Saturday, January 1, 2011

Back by request, a look at some of the books I read over the last year. . . . I actually meant to post this before Christmas, but forgot. So, if you have a gift certificate to a bookstore, well, maybe this will help. . . .
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Beyond Glory: Joe Louis vs. Max Schmeling, and a World on the Brink (by David Margolick): A wonderful look at the Louis-Schmeling rivalry -- a black American against a white German -- and a reminder of just how huge boxing once was. Louis and Schmeling fought twice, in 1936 and 1938, with the Second World War not too far over the horizon. In this wonderfully researched work, Margolick uses the fragility of Europe and the United States to frame what was, at the time, the greatest rivalry in sports. (Knopf, hardcover, US$37.95)
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Dreams from My Father (by Barack Obama): First published in 1995, the book carries the subtitle A Story of Race and Inheritance. And it is precisely that. Through most of this book Obama, a young black man in an ever-changing America, is searching for something -- the meaning of life? family? -- as he sets out on what has become a rather meaningful existence. His visits with family in Kenya are especially intriguing. (Three Rivers Press, soft cover, US$14.95, Cdn$16.95)
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Get Capone (by Jonathan Eig): It’s simple. When I see Jonathan Eig’s name on a book, I want to read it. He also wrote Luckiest Man: The Life and Death of Lou Gehrig. It is a masterpiece. The research and the writing are impeccable and the look into the life of Al Capone, one of the best-known Americans in history, is amazing. This was the best nonfiction book I read in 2010. (Simon & Schuster, hard cover, US$28.00, Cdn$36.00)
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Game Six (by Mark Frost): This is a look back at the 1975 World Series and the teams and players who took part. It was the Boston Red Sox and the Cincinnati Reds, and by now you have seen Carlton Fisk urging that ball to stay fair about a gazillion times. I found the flashbacks hard to follow at times, likely because there wasn’t anything to set them apart from the rest of the story. The segments on then-Boston pitcher Luis Tiant, however, are amazing. (Hyperion, soft cover, US$15.99)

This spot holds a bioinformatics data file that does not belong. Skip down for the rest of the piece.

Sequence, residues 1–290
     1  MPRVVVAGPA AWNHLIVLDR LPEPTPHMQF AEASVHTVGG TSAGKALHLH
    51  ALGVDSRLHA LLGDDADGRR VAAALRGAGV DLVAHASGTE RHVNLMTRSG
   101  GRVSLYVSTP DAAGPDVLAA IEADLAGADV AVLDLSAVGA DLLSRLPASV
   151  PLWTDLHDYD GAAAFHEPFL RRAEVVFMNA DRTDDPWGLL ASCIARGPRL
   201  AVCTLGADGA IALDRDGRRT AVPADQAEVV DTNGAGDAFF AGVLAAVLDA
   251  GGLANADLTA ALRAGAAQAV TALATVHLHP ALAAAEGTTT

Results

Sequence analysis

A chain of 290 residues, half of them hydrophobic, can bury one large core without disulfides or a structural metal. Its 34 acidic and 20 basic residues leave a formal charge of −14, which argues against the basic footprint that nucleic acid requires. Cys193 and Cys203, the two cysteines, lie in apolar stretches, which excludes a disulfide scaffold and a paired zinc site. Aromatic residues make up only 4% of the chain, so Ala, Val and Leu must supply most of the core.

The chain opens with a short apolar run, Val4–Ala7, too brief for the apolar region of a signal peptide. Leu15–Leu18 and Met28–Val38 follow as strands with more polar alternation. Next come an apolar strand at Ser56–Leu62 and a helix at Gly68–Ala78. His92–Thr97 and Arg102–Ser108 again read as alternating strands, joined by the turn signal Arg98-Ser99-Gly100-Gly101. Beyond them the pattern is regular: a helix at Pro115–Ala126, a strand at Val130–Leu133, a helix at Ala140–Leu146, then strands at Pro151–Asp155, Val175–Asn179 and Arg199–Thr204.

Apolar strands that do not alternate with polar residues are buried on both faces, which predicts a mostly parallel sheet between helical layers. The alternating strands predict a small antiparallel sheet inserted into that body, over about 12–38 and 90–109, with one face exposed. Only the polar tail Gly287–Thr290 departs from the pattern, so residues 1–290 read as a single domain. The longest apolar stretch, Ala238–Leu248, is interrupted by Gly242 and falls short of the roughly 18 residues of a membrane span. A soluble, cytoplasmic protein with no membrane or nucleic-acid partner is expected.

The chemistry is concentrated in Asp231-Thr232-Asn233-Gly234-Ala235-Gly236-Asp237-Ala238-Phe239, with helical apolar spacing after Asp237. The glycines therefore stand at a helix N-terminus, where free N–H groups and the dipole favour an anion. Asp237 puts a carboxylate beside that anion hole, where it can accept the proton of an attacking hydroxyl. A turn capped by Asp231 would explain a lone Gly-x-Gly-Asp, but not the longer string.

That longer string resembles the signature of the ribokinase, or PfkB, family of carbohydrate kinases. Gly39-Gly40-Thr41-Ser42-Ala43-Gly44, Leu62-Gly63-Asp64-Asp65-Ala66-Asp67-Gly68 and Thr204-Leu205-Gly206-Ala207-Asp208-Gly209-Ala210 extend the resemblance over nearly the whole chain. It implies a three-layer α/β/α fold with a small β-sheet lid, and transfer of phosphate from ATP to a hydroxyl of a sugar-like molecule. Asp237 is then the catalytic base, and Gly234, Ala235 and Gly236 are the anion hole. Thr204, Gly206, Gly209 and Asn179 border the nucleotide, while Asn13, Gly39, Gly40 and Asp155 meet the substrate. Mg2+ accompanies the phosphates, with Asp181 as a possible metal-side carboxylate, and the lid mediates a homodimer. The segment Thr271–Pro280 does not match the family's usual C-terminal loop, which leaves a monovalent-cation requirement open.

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The Girl Who Kicked the Hornet’s Nest (by Stieg Larsson): This is the third in Larsson’s trilogy, all of which was published after his death and all of which topped the best-seller list(s). I don’t read a lot of fiction but, for some reason that I really can’t put a finger on, the three books -- the other two are The Girl with the Dragon Tattoo and The Girl Who Played with Fire -- are captivating. If you haven’t already, start with the first one. Just don’t have all three in your home at the same time -- you may not sleep for three or four days. (Penguin Group, hard cover, Cdn$32.00)
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Gretzky’s Tears (by Stephen Brunt): Written by The Globe and Mail essayist, who is one Canada’s most thoughtful writers, this is kind of a sequel to his Searching for Bobby Orr, which was published in 2008. Both books are solid reads. The highlight of Gretzky’s Tears has to be Brunt’s take on former Los Angeles Kings owner Bruce McNall, who speaks quite openly about his sins, and all the goings-on surrounding the Edmonton news conference at which the trading of Gretzky was announced. (Knopf Canada, hard cover, Cdn$34.95)
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The Hanging Tree (by Bryan Gruley): This book would qualify as beach reading or for a couple of those rainy days at the cottage. I include it here because the book’s main character, Gus Carpenter, is a reporter for the Pine County Pilot and also a hockey player. He was a goaltender in minor hockey but now plays forward in a rec league. His take on the goaltending position and the pressures inherent in it are marvellous. This is a fictional murder mystery that perhaps goes on a bit too long, but I enjoyed it enough that I will find the author’s debut novel. (Simon & Schuster, soft cover, US$15.00, Cdn$17.00)
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Hollywood Moon (by Joseph Wambaugh): Spend a few days with the gang from the Hollywood police department, through the writing of a man who has been there. It’s vulgar, but it’s hilarious. I hadn’t read Wambaugh in a long time, and this one is right up there with his best stuff. Stephen King is right, when he says, this book is “full of hilarious anecdotes that ring absolutely true.” (Grand Central Publishing, paperback, Cdn$19.99)